Chelsea Football Club has submitted a bid to acquire the iconic site of Battersea Power Station, it has been announced.
The club has earmarked the site for a new 60,000-seater stadium and has put forward a bid with its property development partner, Almacantar.
Chelsea said it would retain all the significant aspects of the power station, which is one of the capital’s most distinctive buildings.
“Battersea Power Station is one of London’s most famous buildings and has the potential to become one of the most iconic football stadiums in the world,” said a statement from the club.
“Our joint bid was submitted in accordance with the sales process established by the joint administrators for the site. The process could run for a number of months.
“We are not the only interested parties and there is no certainty that we will be successful.”
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Should Chelsea acquire Battersea Power Station, it could see the club move away from its Stamford Bridge home. But the club will be unable to move without the approval of the owners of the land beneath their current ground, fan-led group Chelsea Pitch Owners (CPO).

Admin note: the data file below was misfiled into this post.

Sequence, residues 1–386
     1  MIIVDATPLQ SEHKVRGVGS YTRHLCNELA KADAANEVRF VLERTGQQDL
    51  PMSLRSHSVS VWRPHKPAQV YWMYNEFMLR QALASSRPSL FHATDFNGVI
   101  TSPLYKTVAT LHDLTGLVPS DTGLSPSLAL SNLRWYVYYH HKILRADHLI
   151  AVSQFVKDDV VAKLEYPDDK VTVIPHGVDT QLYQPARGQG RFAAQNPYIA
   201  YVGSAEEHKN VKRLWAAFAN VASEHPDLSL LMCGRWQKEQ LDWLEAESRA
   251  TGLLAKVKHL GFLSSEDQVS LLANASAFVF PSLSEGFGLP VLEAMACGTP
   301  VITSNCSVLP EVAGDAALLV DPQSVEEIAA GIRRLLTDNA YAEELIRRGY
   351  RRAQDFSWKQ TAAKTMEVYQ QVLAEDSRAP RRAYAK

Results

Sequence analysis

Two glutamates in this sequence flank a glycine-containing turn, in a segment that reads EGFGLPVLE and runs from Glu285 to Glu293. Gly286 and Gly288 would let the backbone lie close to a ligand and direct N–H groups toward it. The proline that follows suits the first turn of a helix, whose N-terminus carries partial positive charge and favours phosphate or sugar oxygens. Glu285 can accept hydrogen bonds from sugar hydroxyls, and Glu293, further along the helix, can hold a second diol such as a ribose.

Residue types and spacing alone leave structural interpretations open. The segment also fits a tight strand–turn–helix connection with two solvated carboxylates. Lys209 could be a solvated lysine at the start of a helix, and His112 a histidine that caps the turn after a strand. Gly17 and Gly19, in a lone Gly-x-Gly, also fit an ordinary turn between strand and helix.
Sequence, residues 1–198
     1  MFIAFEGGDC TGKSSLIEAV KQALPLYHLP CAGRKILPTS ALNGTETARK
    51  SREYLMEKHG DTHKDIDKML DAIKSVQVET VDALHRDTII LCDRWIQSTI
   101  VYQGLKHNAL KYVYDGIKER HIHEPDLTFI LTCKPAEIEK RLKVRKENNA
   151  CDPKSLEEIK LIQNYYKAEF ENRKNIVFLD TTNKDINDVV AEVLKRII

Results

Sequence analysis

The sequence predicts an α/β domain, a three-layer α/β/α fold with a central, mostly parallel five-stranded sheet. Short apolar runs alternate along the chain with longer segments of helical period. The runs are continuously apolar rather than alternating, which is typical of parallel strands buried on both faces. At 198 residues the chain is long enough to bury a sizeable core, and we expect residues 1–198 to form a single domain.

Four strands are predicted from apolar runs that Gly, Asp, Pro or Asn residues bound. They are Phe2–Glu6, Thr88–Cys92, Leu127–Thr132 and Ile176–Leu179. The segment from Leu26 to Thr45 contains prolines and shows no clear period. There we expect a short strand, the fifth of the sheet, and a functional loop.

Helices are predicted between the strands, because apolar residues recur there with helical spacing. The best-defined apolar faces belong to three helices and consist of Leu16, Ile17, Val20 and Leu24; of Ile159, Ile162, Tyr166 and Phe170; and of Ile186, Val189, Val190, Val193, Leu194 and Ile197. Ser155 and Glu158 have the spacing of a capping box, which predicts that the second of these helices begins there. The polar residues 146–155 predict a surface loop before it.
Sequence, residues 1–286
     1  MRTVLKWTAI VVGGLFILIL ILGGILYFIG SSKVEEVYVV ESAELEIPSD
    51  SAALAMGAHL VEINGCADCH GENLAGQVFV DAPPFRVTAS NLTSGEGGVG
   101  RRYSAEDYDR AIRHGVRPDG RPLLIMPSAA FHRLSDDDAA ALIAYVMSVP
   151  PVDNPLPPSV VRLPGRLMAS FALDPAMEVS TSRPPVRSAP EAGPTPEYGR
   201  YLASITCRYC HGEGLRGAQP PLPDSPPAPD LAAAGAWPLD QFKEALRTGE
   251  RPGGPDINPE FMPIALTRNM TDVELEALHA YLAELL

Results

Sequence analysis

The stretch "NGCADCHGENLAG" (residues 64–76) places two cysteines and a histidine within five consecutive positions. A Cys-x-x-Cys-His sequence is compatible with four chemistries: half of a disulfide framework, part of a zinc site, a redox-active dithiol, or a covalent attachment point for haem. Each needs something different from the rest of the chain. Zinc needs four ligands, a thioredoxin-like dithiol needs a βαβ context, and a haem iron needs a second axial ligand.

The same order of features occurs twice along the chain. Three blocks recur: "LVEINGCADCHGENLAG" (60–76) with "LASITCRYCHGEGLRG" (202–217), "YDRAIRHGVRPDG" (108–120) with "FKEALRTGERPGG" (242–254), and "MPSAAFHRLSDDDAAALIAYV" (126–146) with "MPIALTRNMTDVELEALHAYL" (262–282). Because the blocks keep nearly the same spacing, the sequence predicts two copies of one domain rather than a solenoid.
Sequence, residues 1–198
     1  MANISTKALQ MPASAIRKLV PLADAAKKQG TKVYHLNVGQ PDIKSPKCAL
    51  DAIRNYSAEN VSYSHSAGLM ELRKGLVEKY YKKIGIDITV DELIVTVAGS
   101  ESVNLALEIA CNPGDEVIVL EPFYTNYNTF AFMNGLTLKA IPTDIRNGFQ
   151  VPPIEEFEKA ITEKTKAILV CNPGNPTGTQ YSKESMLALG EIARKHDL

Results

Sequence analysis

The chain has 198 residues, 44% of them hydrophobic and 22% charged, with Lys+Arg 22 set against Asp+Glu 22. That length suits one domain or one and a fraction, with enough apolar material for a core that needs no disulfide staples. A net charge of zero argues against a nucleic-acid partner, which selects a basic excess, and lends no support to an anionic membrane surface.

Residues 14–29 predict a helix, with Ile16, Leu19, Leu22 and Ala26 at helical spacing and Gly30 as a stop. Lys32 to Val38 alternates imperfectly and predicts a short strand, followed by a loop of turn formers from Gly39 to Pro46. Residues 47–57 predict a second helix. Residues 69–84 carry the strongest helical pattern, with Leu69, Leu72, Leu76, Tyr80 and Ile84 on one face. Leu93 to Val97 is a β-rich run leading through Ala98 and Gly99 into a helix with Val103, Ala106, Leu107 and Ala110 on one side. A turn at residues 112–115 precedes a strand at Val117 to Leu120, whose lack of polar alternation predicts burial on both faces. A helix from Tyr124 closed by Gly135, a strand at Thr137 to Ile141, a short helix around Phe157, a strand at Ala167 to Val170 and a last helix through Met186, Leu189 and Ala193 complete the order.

The club failed to convince the CPO to sell it back the freehold at an extraordinary general meeting in October.
Chelsea said it has developed a plan to “preserve all significant aspects of Battersea Power Station”, including the four chimneys and wash towers, as well as the Grade II-listed west turbine hall and control room, which will be restored and retained.
The statement continued: “As well as a new home for our club, the development would include a town centre with substantial street-level retail shops, affordable housing and offices – all of which would benefit Wandsworth and bring a significant number of permanent jobs to the area.
“We would also make a significant contribution towards the Northern Line Extension, a new high-volume transport link proposed for the area.”
Conservative MP for Chelsea & Fulham Greg Hands tweeted: “I would be unhappy to see Chelsea go to Battersea, but let’s see what develops, these are early days.”